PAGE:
A German gathering place

James Lerk | Bendigo Weekly | 02-Nov-2017


One of Bendigo’s early historians, John Neill Macartney, said Frederick Wilhelm Kraemer had a pleasant personality and genial countenance.

Macartney also wrote in 1882 that, “Herr Kraemer’s Sydenham Gardens, which, at the very early date in the history of Bendigo (1854), were established at the junction of Ironbark and Long Gully with the Bendigo Creek. 

“This garden, then secluded in the bush, but now within the precincts of the city, was a very pretty place, with its fruits and its flowers, to spend a harmless, continental Sunday afternoon in, where our Teuton friends – the grave and kindly Germans – came out strong. 

“There many a pretty fraulein was to be met with, and saur-kraut could be had for the ordering. 

“Many a pleasant visit I paid there, and many a bouquet of flowers I bought, and it was much pleasure to meet the honest, kindly, German faces there.

The gardens are a pretty place to visit.”In January 1855 Frederick Kraemer himself wrote that he already held a license at the Sydenham Gardens for his hotel, the cellar was well stocked with a very complete selection of wines, spirits and other fermented liquors. 

Kraemer prided himself in having a competent and experienced continental cook on the premises. Cold collations were catered for, also dinners, all would be served in the superior appointed lounge or dining room of the hotel.

Frederick anticipated that his hotel and garden would be the place where a person could not only relax and feed the inner person but also the environment was conducive for the highest intellectual conversation and discussion.

Chinoiserie as a style of decoration had been popular in Europe already for a large number of decades, and in the newly created Sydenham Gardens some pagoda-like structures had been erected. 

The interior of these Chinese style garden pavilions had been painted in oils with a variety of classical themes also on the exterior walls. 

Interestingly, the ceilings inside these pseudo pagoda-like structures, had been painted with scenes of the goldfields, this would have been a familiar theme for all visitors in those early years.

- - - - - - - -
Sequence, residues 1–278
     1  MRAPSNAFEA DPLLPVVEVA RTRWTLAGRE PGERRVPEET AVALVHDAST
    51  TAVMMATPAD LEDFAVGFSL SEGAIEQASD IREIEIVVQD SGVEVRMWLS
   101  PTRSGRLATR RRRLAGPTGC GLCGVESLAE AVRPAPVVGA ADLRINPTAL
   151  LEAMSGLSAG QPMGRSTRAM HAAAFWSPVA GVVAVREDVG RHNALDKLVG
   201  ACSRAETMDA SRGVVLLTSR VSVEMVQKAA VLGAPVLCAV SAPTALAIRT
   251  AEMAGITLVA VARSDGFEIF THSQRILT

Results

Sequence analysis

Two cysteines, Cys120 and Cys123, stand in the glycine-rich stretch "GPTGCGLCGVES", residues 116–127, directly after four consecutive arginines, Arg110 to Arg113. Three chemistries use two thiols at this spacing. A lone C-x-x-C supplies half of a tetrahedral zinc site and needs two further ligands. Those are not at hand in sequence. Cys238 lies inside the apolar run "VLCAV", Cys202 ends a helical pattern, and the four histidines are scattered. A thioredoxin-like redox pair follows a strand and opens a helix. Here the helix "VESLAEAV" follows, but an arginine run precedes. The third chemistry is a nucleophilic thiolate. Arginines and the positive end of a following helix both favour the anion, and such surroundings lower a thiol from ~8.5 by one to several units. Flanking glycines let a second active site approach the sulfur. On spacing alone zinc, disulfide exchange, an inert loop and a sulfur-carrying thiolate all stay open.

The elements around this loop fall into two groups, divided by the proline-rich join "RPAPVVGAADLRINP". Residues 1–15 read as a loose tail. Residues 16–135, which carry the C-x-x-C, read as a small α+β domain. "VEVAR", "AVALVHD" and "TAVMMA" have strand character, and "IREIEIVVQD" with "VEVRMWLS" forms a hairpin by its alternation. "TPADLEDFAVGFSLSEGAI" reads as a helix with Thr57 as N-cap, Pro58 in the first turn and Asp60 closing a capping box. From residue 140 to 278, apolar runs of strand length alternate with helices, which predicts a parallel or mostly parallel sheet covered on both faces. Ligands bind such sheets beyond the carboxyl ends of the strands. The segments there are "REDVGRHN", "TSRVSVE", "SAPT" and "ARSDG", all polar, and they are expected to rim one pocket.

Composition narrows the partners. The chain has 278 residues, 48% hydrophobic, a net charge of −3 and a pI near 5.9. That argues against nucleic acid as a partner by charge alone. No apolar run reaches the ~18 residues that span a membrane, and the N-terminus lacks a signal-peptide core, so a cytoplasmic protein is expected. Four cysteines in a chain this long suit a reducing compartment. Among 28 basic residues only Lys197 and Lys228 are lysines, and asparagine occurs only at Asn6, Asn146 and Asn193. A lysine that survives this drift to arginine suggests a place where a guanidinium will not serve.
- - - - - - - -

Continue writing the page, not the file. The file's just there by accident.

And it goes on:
Music was not forgotten and a pianist provided a broad repertoire of classical and popular music of the period. 

Patrons were encouraged to dance waltzes, the polka, and quadrilles. 

For others who were so inclined there was a gymnasium with equipment where a person could go and exercise and tone up the muscles not used in digging. 

There were boxing gloves ideal for sparring, and cricket bats were there for the patrons’ use. Kraemer had also provided a bowling alley where skittles could be set up and bowled at with a large wooden ball.

The younger fry were catered for as well, there were swings, a type of hand operated merry go round and other play equipment.

A variety of imported German toys were in the gardens, these were there to help the young people amuse themselves at this amazing retreat.

With all the wonderful ways to amuse, Kraemer hoped that his Sydenham Gardens would be well patronised. 

When we consider how difficult it was to transport goods to the Bendigo diggings before the advent of the railway, and the facilities that Kraemer had provided, he must have spent a small fortune from that which he had won from gold and his store to have appointed his recreational garden in such a well planned and elaborate way.

It is my belief that Kraemer had been planning his Sydenham Gardens since early in 1854 while still working in German Gully. 

He had to order all those difficult to obtain items including furniture and stock so that once he had acquired the land nothing would delay him in executing his plan.


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